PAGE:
Israel's Symbols Remind Israelis of Home

Having just celebrated Israel’s 65th birthday, I wanted to take you back and remind you about Israel’s symbols – where do they come from and how long have they been around.

The official flag of the State of Israel represents the state, its sovereignty, its institutions and its citizens, in Israel and worldwide. The flag has a white background, two horizontal blue stripes and a blue Star of David in the middle. The flag was conceived during the period of the First Aliyah and was adopted as the flag of the Zionist movement in 1897. The flag was officially chosen as the flag of Israel on Oct. 28, 1948. It was chosen over other proposed flags, mainly because of the popularity it had gained among the Jewish population in Israel.

The two blue stripes represent a tallit, the Jewish prayer shawl, as well as both sides of the split Red Sea that the Jewish people walked through as written in the Bible. The Star of David represents the Jewish identity of Israel by recalling the culture and history of the Jewish people. In 2007 an Israeli flag measuring 660 by 100 meters and weighing 5.2 tons was unfurled near the ancient Jewish fortress of Masada, breaking the world record for the largest flag in the world.

The emblem of Israel is an escutcheon that contains a menorah in its center, two olive branches on both sides of the menorah and at the bottom the label “Israel.” The emblem was designed by brothers Gabriel and Maxim Shamir and was officially chosen on Feb. 10, 1949. It was chosen after a competition held in 1948.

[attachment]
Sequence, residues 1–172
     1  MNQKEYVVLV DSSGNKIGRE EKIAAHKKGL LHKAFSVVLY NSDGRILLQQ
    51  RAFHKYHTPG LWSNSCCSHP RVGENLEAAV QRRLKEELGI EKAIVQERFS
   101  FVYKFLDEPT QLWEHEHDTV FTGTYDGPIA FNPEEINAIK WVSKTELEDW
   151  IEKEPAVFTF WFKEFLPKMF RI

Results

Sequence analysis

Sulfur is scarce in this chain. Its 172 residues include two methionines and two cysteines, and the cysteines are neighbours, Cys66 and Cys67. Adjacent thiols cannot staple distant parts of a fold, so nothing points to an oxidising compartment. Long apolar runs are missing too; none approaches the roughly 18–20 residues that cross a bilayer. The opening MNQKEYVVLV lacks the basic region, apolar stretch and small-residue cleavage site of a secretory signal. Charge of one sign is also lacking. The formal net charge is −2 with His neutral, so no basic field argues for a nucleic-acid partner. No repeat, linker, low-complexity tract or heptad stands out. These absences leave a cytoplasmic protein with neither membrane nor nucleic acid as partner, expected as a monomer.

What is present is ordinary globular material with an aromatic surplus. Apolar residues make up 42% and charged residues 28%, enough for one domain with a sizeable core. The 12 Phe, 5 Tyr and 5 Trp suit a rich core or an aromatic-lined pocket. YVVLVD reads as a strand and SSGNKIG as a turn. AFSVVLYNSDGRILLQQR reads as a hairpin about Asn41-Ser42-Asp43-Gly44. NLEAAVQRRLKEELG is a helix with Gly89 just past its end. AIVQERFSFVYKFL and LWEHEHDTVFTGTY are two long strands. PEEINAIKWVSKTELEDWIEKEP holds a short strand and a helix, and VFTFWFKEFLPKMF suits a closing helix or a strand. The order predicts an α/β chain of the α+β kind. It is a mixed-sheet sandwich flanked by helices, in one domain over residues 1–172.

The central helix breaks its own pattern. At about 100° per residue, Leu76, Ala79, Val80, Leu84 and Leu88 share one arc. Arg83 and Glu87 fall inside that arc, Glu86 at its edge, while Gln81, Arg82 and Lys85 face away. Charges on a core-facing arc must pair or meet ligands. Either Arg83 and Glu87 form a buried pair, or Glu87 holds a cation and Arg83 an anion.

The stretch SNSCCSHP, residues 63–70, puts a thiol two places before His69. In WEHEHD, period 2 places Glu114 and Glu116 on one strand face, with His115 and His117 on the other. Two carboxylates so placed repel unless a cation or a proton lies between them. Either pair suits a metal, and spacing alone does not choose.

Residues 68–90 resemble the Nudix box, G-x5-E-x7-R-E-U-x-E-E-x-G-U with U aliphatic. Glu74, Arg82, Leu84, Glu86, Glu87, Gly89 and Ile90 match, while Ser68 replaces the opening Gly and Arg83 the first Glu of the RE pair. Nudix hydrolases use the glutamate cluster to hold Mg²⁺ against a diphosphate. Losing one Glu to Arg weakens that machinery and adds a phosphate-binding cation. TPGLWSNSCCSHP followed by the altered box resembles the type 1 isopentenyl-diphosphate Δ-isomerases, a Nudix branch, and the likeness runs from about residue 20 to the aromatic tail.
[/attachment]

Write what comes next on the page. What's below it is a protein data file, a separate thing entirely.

“Hatikvah” is the national anthem of Israel. The anthem was written in 1878 by Naphtali Herz Imber, a secular Galician Jew from Zolochiv, who moved to the land of Israel in the early 1880s. The poem was subsequently adopted as the anthem of Hovevei Zion and later of the Zionist Movement at the First Zionist Congress in 1897 (with the flag). The text has undergone numerous changes. The anthem’s theme revolves around the nearly 2,000-year-old hope of the Jewish people to be a free and sovereign people in the Land of Israel, a national dream that was realized with the founding of the modern State of Israel in 1948.

In September 2007 the olive tree was selected as the national tree of the State of Israel and as its official representative in the botanical exhibition “We Are One World” in Beijing. I have been living abroad for the past few months, and every time I come across one of Israel’s symbols it reminds me of home.

Natalie Mahome is the Israeli Shlicha (emissary) to the Jewish Community of Portland

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